Lt. Gen. Harold W. Grant was a communications pioneer who worked throughout his career to ensure the operating forces had the best communications support available. He was the Air Force director of Telecommunications before becoming the first commander of Air Force Communications Service in 1961. Under his leadership, AFCS provided airways communications, air traffic control, much of the long-haul and certain base level communications. A building at Scott Air Force Base, Ill., home of the Air Force Communications Agency, is dedicated to his memory. The Lt. Gen. Harold W. Grant Award recognizes a communications and information organization each year for excellent support to the Air Force mission.
Lt. Gen. Lee Paschall was the first recipient of the Air Force Communications and Information Hall of Fame Award in 1999. He paved the way for many communicators through mentoring, challenging job opportunities, extraordinary foresight and genuine concern for the Air Force and its people. He is a "father of modern command, control, communications and computers." Following a series of communications assignments both stateside and overseas, General Paschall was assigned to Air Force headquarters as deputy director and in 1971 as director of Command Control and Communications. In 1974 he was named director of the Defense Communications Agency. His contributions to the Air Force are recognized with an annual award in his name to the top student in each Advanced Communications and Information Officer Training class at Keesler Air Force Base, Miss.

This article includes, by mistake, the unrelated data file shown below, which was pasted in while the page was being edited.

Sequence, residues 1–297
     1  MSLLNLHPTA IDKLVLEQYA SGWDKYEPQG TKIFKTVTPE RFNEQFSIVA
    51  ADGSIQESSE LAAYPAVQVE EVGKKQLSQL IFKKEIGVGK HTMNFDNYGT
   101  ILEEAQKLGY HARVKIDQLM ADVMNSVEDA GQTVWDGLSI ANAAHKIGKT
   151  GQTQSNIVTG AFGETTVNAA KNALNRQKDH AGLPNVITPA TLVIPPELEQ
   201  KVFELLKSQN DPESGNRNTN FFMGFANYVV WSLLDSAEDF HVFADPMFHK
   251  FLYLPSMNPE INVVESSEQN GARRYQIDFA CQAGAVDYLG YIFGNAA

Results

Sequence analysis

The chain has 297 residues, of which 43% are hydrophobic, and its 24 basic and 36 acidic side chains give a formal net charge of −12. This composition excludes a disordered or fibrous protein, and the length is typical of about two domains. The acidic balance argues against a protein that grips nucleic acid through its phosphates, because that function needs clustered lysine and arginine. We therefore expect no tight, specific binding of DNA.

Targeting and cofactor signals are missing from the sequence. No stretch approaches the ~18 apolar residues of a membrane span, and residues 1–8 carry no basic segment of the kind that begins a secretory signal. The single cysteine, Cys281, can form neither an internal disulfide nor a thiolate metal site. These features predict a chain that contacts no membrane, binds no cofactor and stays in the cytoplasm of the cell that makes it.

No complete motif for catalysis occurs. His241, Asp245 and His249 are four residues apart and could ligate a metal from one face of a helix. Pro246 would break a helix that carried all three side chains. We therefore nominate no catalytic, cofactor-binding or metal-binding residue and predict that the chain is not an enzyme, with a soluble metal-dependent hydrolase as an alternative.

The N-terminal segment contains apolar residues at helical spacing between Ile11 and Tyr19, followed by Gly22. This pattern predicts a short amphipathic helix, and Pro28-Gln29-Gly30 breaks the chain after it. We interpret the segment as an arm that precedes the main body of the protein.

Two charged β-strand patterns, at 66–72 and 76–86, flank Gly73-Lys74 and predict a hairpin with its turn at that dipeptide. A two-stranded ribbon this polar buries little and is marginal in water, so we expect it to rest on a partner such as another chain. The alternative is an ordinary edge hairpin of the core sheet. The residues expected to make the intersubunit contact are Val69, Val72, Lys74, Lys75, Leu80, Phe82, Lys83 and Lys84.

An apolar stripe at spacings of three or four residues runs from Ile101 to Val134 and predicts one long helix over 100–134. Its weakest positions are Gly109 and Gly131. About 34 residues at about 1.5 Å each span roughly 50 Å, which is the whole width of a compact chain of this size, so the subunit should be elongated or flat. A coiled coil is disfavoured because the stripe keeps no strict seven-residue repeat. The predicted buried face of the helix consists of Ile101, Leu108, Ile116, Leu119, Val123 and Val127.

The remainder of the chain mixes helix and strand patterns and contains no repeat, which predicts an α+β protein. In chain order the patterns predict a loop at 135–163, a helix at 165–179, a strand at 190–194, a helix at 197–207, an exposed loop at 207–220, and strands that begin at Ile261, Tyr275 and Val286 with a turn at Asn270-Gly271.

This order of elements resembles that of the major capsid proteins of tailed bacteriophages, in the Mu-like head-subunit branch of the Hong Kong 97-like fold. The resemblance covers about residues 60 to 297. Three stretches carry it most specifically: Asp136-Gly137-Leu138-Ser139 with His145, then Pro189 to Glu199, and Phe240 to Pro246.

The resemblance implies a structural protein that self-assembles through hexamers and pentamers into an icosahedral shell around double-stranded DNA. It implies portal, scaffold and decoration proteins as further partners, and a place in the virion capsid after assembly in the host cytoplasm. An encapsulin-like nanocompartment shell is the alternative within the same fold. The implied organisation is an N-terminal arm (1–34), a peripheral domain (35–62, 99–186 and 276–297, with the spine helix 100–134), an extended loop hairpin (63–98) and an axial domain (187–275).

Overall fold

Maj. Gen. Harold M. McClelland is considered by many to be the "father of Air Force communications" for his early contributions in promoting and organizing a systems approach to air communications. He served as communications officer for then Lt. Col. Henry "Hap" Arnold on his famous Alaska flight in 1934.